Category Archives: Miscellaneous

General stuff that doesn’t go anywhere else

2010 in review

The stats helper monkeys at WordPress.com mulled over how this blog did in 2010, and here’s a high level summary of its overall blog health:

Healthy blog!

The Blog-Health-o-Meter™ reads Fresher than ever.

Crunchy numbers

Featured image

The average container ship can carry about 4,500 containers. This blog was viewed about 24,000 times in 2010. If each view were a shipping container, your blog would have filled about 5 fully loaded ships.

In 2010, there were 4 new posts, growing the total archive of this blog to 314 posts. There were 4 pictures uploaded, taking up a total of 126kb.

The busiest day of the year was June 15th with 128 views. The most popular post that day was Efficient way to add a new item to a SharePoint list.

Where did they come from?

The top referring sites in 2010 were codeproject.com, stackoverflow.com, dotnetslackers.com, forums.asp.net, and dotnetmafia.com.

Some visitors came searching, mostly for .net wrapper for com elevation, robert garrett, rob garrett, spperformancemonitor, and the site collection could not be restored. if this problem persists please make.

Attractions in 2010

These are the posts and pages that got the most views in 2010.

1

Efficient way to add a new item to a SharePoint list February 2009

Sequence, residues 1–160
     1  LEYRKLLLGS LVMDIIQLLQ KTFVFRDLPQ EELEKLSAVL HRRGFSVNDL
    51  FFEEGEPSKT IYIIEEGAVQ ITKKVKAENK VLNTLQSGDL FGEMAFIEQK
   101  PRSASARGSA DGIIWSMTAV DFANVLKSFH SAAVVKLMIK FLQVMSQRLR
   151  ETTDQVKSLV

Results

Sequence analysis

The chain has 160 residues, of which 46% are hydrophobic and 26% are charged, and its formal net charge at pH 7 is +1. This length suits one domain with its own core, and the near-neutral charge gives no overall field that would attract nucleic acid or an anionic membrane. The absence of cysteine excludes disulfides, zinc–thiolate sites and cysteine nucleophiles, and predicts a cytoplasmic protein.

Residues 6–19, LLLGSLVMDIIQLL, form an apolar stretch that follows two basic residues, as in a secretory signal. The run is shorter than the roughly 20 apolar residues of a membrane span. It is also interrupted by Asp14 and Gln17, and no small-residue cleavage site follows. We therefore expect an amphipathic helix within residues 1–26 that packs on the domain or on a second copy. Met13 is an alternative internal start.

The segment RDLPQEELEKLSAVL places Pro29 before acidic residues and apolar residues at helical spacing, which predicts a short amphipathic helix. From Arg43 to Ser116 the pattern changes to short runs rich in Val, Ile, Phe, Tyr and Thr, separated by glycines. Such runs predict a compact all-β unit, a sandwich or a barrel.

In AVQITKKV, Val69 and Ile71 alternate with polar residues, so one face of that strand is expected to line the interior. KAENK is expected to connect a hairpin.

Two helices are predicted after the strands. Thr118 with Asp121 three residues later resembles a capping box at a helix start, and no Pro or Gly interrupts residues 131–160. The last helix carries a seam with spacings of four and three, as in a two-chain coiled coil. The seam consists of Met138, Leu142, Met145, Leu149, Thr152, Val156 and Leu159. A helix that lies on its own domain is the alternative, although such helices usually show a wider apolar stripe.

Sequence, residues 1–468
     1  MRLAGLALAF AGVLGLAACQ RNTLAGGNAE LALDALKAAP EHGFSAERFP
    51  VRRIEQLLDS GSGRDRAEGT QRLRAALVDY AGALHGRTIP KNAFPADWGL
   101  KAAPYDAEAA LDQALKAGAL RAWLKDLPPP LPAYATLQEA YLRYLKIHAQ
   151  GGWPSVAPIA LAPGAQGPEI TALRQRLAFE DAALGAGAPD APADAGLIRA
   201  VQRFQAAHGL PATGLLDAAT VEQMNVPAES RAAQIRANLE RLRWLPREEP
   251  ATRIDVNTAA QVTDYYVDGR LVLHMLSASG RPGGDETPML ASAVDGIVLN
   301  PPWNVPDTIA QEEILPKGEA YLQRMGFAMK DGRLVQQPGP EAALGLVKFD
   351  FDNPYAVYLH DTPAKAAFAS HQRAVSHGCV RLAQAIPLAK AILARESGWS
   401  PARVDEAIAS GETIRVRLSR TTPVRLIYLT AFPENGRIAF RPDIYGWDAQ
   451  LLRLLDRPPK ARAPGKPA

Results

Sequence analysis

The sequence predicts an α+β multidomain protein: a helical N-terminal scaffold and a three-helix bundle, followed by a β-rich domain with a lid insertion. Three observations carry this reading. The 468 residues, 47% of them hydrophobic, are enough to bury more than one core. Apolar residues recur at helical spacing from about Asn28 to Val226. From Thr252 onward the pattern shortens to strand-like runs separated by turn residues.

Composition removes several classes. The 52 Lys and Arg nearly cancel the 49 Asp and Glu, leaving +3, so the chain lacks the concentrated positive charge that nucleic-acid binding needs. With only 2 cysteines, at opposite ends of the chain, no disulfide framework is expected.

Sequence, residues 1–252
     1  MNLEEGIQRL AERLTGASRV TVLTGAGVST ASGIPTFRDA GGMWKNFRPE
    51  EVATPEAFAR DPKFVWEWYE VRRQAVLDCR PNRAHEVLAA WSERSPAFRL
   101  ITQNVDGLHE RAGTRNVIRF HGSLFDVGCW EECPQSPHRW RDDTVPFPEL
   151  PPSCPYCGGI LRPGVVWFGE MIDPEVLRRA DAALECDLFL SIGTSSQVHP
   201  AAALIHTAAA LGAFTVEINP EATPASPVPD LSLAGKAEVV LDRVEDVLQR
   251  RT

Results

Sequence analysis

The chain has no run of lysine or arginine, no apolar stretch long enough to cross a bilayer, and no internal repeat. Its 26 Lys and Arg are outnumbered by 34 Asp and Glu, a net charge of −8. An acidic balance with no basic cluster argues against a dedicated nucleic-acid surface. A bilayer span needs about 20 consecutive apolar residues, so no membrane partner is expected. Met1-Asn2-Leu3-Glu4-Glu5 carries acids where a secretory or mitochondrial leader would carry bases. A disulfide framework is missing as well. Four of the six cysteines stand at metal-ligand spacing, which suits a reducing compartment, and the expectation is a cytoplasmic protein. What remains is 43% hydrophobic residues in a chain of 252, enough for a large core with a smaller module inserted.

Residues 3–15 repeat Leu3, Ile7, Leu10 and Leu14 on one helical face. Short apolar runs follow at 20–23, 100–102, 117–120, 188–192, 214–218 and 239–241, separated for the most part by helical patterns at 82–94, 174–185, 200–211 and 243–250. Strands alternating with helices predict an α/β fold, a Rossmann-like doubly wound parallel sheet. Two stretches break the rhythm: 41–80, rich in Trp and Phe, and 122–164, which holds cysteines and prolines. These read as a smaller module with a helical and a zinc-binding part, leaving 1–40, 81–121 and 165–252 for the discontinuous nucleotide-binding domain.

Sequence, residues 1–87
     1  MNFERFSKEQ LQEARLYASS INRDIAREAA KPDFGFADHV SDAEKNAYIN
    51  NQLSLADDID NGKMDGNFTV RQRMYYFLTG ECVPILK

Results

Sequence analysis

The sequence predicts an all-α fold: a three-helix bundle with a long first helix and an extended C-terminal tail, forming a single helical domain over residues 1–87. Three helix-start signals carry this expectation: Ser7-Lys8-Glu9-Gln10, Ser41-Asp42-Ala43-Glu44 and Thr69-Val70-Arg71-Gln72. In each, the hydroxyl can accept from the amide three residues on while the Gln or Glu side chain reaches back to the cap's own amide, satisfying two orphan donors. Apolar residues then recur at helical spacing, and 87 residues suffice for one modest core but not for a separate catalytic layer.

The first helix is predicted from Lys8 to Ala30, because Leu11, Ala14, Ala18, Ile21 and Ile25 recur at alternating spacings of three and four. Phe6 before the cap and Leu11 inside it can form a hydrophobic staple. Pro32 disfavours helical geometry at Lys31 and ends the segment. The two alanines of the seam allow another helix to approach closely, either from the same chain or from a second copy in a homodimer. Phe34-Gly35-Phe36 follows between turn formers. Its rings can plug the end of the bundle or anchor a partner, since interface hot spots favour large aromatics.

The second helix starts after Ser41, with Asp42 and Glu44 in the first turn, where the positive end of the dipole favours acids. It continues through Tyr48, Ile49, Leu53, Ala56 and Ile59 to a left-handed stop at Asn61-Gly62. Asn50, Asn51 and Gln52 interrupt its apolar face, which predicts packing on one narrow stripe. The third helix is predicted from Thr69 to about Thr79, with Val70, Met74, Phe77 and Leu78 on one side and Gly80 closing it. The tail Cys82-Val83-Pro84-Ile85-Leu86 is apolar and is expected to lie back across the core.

11 comments

2

Prolific PL-2303 Driver – Vista x64 February 2008
18 comments

3

SharePoint Development Best Practices (Summary) February 2009
7 comments

4

Reinstalling COM+ on Windows XP April 2005
48 comments

5

Configuring RBS for SP2010 January 2010
3 comments

Blog moved to WordPress.com

On a whim decision in middle of yesterday evening I decided to move my blog from Community Server 2.1 to WordPress.com.

Please update syndication URL to http://blog.robgarrett.com/feed/

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Community Server and the team at Data Research Group, where my blog was hosted, have been great and I thank both DRG for their support and free hosting; and the Community Server guys for the wonderful platform I’ve been using for the past 3-4 years.

My decision to move last night wasn’t an agonizing one (hence “whim”) and nothing to do withy the CS platform or hosting, but because I am moving my life in the direction of “less maintenance for Rob.”